Malaysia’s Axiata Group Berhad said on Friday it has recorded a non-cash impairment charge of 3.33 billion ringgit ($810 million or Rs 5,687 crore) on its investment in Indian telecom operator Idea Cellular Ltd.
The Malaysian company has also relinquished certain rights as part of its June 2008 share purchase agreement with Idea, Axiata said in a stock-exchange filing. These included the right to nominate a director on Idea’s board.
After the merger, Axiata’s stake in the combined entity will fall to 8.17% from the 16.33% that it held in Idea. In fact, Axiata had bought a stake of almost 20% in Idea in tranches by 2011.
In its filing with Bursa Malaysia, Axiata said it arrived at the 3.33 billion ringgit de-recognition loss after deducting the carrying value of the investment in Idea from the telecom company’s market value.
The market value of Axiata’s investment in Idea as on 15 August was 2.17 billion ringgit while the carrying value of its investment was a loss of Rs 5.44 billion ringgit, the Malaysian company.
Axiata had said last month that the impairment charge was purely a non-cash technical treatment and that the exercise won’t have any impact to its underlying performance and cash position. The group’s cash balance was 5.7 billion ringgit at the end of March 2018. Also, the reclassification means that Idea’s profit or loss will no longer impact Axiata’s financials in the future.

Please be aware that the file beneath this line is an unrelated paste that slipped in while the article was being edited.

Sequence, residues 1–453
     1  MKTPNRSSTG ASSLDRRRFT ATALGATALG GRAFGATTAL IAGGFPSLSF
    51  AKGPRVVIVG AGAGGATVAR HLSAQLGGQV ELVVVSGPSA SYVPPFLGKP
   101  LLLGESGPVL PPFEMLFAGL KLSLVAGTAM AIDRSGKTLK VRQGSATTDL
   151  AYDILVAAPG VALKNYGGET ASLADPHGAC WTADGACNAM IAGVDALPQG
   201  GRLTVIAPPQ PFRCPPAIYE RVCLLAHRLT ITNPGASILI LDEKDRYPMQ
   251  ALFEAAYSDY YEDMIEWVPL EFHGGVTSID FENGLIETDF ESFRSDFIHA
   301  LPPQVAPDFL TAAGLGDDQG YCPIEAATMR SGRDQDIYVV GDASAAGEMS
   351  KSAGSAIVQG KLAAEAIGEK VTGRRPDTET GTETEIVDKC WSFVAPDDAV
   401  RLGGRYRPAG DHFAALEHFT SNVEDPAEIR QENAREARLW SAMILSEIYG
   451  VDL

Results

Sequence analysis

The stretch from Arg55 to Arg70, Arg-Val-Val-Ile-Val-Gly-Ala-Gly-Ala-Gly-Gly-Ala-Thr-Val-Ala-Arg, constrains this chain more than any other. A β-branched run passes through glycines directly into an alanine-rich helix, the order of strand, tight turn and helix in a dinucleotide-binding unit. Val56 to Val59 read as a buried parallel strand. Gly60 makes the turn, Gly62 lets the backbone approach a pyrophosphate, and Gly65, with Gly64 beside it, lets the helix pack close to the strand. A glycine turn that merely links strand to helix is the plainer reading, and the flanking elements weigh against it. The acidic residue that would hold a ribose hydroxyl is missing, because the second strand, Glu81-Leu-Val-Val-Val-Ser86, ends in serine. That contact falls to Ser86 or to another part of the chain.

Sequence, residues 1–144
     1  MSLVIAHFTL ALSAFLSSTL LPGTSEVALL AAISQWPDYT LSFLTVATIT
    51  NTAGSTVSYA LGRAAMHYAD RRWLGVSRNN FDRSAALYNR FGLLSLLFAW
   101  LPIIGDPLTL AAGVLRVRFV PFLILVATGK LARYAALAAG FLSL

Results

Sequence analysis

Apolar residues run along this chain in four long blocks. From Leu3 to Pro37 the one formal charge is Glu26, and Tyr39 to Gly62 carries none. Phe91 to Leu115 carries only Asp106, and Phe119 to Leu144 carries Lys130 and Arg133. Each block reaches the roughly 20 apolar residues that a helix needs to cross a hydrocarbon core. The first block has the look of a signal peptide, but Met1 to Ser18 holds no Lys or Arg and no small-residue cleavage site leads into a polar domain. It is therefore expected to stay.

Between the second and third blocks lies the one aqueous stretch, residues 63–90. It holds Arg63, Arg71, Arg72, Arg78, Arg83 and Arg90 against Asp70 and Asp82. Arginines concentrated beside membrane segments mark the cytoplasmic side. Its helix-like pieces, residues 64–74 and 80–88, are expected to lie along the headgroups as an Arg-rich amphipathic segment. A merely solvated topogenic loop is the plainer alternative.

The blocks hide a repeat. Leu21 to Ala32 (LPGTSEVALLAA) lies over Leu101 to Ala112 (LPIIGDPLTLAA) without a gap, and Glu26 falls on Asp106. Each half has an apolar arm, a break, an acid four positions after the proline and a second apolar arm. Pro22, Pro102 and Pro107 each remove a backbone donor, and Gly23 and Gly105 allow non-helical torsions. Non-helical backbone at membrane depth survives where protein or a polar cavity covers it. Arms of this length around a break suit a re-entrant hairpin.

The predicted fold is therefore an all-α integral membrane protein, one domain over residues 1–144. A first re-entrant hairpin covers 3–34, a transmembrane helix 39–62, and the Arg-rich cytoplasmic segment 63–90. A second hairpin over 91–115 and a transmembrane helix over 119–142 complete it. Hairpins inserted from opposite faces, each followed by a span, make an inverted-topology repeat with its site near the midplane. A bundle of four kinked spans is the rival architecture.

The Malaysian company had also said that since its initial investment in Idea in 2008 up until 2015, the Indian mobile-phone operator had contributed about 1 billion ringgit in operational profits to Axiata.
Meanwhile, the merged entity, Vodafone Idea Ltd, will be the largest telecommunications company in India. Vodafone Idea will have 440 million customers, representing 39% of the total market share. Its revenue market share is estimated to be at 37.5% and its revenue is forecasted to be in excess of $10 billion.
The merger implied an enterprise value of $12.4 billion for Vodafone India and $10.8 billion for Idea. The deal came after the entry of billionaire Mukesh Ambani’s Reliance Jio Infocomm Ltd in 2016 threw India’s telecom industry into turmoil and prompted several carriers to either merge with others or sell their businesses.